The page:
every kind of sickness and misfortune. They were brought over from Germany in the reign of Henry the VIII., under the name of Abrunes, and by the help of certain pretended magical words, the knowledge of which the credulous obtained at a great price, were said to increase whatever money was placed near them. It was believed, also, at that time, that the mandrake was produced from the decaying flesh of malefactors hung upon the gibbet, and was to be found only in such situations. Dr. Turner, who lived in the time of Queen Elizabeth, declares, that he had divers times taken up the roots of the mandrake, but had never found them under the gallows; nor of the form which the pedlars, who sold them in boxes, pretended them to have been. This form was that of an ugly little man, with a long beard hanging down to his feet. Gerard, the herbalist, also, who wrote thirty years later, used many endeavours to convince the world of the impositions practised upon them, and states, that he and his servant frequently dug up the roots without receiving harm, or hearing any shrieks whatever.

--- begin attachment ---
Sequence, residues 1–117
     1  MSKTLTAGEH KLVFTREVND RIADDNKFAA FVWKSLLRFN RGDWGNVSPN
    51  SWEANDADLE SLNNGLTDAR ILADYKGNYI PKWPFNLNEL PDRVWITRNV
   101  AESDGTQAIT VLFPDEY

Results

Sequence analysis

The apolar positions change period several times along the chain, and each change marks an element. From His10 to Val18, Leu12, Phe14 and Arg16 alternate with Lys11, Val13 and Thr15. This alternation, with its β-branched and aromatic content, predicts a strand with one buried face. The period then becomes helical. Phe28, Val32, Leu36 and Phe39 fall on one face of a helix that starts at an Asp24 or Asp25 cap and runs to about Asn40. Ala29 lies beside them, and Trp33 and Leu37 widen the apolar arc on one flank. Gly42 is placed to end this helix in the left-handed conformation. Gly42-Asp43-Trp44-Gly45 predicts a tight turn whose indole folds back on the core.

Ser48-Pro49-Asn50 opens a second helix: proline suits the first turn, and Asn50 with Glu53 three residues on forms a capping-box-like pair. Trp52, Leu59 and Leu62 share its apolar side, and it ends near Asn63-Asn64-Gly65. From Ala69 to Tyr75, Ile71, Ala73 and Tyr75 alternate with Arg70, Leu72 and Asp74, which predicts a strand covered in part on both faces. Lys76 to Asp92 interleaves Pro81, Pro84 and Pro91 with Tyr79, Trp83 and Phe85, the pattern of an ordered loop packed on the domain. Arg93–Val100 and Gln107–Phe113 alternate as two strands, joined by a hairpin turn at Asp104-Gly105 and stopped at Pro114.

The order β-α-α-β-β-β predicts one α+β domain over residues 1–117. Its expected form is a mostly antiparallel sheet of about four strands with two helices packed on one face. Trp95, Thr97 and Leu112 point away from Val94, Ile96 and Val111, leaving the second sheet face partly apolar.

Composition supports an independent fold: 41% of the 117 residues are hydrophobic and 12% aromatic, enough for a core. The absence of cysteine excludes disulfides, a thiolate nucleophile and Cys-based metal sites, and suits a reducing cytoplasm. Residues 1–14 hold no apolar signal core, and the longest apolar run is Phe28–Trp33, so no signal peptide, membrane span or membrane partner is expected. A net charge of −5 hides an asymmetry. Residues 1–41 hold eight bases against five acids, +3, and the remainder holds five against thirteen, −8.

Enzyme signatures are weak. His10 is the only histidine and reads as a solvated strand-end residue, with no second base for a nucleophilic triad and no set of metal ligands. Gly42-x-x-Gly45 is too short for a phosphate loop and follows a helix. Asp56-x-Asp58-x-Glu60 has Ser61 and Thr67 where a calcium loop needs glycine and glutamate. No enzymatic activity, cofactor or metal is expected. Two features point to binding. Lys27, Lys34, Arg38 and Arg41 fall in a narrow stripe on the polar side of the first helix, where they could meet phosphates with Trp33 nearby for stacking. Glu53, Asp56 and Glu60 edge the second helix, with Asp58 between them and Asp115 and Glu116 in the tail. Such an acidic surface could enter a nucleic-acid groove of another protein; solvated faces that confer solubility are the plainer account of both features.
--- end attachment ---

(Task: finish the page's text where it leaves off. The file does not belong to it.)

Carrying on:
The mandrake grows naturally in Spain, Portugal, Italy, and the Levant, and it is also indigenous to China. It was introduced into this country about 1564. It is a handsome plant, and would, in particular situations, be ornamental to our gardens, independent of the strange, old associations connected with it, which would always make it an interesting object. I have seen it, however, only in one garden, that of the King of the Belgians, at Claremont.